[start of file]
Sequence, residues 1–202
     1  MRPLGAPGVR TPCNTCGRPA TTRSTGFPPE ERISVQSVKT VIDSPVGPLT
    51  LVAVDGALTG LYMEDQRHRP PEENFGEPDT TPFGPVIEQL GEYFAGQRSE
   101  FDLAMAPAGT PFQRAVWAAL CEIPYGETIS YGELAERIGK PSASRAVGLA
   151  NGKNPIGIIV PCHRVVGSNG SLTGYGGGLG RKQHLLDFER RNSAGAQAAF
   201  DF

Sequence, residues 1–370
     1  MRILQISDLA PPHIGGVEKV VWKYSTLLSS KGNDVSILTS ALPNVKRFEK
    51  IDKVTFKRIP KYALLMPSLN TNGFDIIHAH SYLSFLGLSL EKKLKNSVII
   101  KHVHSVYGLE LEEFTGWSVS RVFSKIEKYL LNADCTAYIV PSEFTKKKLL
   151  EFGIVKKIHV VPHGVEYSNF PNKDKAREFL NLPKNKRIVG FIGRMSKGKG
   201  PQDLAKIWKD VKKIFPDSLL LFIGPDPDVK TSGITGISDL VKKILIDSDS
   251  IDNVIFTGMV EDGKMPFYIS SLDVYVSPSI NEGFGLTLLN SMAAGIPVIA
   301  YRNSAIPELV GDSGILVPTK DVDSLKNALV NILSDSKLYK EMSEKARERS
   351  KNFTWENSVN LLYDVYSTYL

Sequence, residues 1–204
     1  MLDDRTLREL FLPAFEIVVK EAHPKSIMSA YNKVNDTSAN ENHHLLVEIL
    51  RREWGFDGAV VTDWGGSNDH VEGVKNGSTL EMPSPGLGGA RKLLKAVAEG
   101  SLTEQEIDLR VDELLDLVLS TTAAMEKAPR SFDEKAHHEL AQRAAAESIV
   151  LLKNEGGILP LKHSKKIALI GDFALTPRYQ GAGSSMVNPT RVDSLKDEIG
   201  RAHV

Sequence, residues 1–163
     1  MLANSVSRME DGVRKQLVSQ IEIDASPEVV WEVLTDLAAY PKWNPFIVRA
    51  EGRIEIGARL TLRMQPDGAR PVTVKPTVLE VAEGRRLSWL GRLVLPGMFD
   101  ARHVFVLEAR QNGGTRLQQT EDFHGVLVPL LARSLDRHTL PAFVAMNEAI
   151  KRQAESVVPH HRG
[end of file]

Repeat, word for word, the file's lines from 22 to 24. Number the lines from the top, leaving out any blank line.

Sequence, residues 1–163
     1  MLANSVSRME DGVRKQLVSQ IEIDASPEVV WEVLTDLAAY PKWNPFIVRA
    51  EGRIEIGARL TLRMQPDGAR PVTVKPTVLE VAEGRRLSWL GRLVLPGMFD